Since the floor is only touched at a single point if you are 10 foot up, that will affect no squares. If you are 0 feet up, it will affect the normal radius. So we really only need to calculate what squares are affected if you are 5 feet up.

Here (other than in the schematic depiction above to illustrate the idea) h is 5 feet, and r is 10 feet, so r' is $$r' = \sqrt{r^2 - h^2} = r' = \sqrt{10^2 - 5^2} \approx 8.66$$

Generally, if the center of a square is within range, more than half of the square will be covered - it is not quite exact but easier check (you can use the detail math in the linked answer if you want to know exactly). Here are the approximate distances in feet of the centerpoint of each square around the corner directly underneath you:

From this you can see that both for the green area, and for the yellow ara, the center points are well under the range for r' = 8.66, and all of these areas would be affected if you are five feet up. That incidentally is the same area, as if you were on the ground (because then, you have the full 10 feet radius around the corner, but the red square centers are a good bit further out than 10 feet, so those squares are still not affected).

So, you affect the same plus-shaped area if you are on level G or 2, and no area if you are on level 3 or 4.

(This assumes that the grid has the same dimensions vertically, i.e. each level is 5 feet high, so one on level G is at 0 feet, on level 2 at 5 feet, on level 3 at 10 feet and on level 4 at 15 feet above ground with the space they fly in. This is however not required to work this out. You just need to decide how high above the ground the caster is, i.e. where the spot to center the 10 feet radius is).

• The range is not “Self (10 foot radius)” in the print edition of Xanathar’s Guide to Everything, it’s just “10 feet.” (Nothing to do with D&D Beyond.) Dec 4, 2023 at 15:00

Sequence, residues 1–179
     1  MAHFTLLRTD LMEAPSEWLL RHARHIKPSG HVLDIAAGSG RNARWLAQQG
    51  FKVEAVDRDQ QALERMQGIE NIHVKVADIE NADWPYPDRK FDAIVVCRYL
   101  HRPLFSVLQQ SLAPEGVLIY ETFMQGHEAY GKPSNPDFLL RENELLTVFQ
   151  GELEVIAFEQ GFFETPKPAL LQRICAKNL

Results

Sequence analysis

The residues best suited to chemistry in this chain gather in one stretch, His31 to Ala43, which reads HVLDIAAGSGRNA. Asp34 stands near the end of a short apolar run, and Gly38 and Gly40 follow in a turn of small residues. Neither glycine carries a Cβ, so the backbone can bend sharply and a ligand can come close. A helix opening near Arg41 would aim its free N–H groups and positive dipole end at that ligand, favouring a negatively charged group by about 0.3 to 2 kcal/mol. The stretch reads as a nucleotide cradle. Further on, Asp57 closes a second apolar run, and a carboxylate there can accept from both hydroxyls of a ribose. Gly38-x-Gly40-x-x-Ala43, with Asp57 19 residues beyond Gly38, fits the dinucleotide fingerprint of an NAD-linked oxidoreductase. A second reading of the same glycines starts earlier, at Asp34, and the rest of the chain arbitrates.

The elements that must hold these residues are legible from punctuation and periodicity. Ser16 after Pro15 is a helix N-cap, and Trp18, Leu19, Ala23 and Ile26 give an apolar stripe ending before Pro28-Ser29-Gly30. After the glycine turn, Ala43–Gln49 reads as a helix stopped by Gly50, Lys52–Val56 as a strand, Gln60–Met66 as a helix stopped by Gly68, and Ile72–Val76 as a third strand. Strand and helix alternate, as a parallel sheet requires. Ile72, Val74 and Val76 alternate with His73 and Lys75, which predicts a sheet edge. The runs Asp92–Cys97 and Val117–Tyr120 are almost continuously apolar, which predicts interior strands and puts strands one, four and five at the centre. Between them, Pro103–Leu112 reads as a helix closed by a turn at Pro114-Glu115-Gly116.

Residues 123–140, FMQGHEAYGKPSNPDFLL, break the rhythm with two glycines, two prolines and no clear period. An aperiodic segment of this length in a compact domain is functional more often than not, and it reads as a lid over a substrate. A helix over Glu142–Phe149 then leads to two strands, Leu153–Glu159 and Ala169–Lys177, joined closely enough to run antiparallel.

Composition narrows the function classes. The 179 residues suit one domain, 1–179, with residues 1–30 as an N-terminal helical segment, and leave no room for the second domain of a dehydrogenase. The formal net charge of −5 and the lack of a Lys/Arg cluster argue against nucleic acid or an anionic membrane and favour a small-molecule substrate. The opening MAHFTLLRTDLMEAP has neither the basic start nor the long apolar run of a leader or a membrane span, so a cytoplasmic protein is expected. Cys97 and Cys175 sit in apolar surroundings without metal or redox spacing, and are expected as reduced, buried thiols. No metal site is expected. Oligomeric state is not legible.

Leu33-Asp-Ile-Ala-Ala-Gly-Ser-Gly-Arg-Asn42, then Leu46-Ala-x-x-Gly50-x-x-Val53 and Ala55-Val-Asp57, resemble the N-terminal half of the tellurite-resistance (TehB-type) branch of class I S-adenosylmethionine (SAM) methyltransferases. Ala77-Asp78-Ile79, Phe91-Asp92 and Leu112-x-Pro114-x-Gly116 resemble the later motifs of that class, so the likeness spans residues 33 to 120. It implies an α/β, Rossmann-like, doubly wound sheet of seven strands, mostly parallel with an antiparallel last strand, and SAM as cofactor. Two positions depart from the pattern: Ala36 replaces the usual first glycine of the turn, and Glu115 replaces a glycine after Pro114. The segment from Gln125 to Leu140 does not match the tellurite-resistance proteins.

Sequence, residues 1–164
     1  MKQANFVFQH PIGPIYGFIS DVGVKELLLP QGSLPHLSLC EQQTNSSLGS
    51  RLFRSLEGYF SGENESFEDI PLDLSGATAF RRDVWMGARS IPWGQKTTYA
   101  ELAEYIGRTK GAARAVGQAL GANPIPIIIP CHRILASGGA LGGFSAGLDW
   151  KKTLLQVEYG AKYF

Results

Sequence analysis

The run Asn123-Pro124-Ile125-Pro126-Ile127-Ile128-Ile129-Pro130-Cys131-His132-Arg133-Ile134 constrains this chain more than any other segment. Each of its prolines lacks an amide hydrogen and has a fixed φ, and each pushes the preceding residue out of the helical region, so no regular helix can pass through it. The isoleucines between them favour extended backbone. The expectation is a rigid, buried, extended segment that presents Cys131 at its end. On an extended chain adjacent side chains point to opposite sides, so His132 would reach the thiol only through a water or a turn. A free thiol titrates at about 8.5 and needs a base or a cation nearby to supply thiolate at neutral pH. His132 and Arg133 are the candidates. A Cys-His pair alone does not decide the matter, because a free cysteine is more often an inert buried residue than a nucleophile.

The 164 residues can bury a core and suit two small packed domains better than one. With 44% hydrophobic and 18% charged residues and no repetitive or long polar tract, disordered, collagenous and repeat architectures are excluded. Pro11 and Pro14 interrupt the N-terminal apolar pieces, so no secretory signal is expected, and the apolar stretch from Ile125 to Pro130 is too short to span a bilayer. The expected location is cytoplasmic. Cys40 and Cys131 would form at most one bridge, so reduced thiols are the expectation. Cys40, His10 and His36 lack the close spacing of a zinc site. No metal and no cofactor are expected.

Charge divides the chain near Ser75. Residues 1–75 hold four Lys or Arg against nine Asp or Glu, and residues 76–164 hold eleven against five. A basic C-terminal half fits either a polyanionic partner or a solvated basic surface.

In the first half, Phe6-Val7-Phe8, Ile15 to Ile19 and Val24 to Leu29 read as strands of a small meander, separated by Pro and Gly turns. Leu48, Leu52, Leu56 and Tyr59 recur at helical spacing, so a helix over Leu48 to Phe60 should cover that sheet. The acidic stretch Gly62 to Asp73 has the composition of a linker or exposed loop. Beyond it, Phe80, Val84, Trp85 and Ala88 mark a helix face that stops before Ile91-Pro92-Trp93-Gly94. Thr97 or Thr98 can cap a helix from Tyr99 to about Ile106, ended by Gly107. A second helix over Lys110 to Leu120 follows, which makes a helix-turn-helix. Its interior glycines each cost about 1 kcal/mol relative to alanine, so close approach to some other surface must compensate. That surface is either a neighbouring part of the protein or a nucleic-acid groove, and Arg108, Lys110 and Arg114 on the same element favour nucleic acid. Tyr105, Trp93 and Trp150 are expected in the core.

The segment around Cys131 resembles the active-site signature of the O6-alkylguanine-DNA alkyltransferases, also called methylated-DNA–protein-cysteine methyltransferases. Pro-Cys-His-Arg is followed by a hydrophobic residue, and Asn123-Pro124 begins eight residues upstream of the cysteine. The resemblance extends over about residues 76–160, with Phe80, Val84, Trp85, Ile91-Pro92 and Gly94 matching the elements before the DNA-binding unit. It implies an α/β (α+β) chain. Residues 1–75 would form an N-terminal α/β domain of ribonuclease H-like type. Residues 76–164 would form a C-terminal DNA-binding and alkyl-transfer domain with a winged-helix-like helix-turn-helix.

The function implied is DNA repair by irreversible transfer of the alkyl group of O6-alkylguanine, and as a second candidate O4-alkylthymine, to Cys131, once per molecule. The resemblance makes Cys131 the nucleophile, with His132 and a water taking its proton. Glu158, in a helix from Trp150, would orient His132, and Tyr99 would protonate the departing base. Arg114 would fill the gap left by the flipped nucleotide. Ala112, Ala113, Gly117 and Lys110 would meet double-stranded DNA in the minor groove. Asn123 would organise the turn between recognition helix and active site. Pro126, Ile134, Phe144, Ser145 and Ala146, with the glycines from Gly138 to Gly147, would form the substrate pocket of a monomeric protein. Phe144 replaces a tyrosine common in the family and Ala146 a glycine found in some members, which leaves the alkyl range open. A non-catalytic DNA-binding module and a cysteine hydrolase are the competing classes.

• @Kerrick I checked my print copy, you are right, maybe that was the text from the Elemental Evil Players companion, which has been superceeded. I updated the answer to reflect it. Dec 4, 2023 at 16:27
• I see that I missed mentioning a crucial third part of the optional rules we're missing, the Token Method from Xanathar's Guide to Everything Ch. 2, which makes circles into squares. Your answer is appropriate for the question as-asked, and I asked the question wrong. Dec 4, 2023 at 20:49

## DM's decision

There are no explicit rules for verticality as far as I know of. But what we do have:

1. Pure geometry: 5-foot cubes are 5 foot high.
2. The origin of a spell can usually be chosen from the four corners of a tile (2D), so we could say in 3D that the origin can be chosen from the eight corners of a cube.
3. A spell effects a certain space if at least 50% of its space is within the range of the spell - but there are different rules out there.

According to this, the caster of a spell with a range of 10 ft. must be in the 'floor' designated by you with 3 - or lower.

Of course, one can argue that the space a medium sized, bi-pedal creature controls is higher than 5 ft. But, as said in the beginning, there are no rules for verticality.

• I agree to @Nobody that there must be a ground to be effected in range! Dec 4, 2023 at 8:30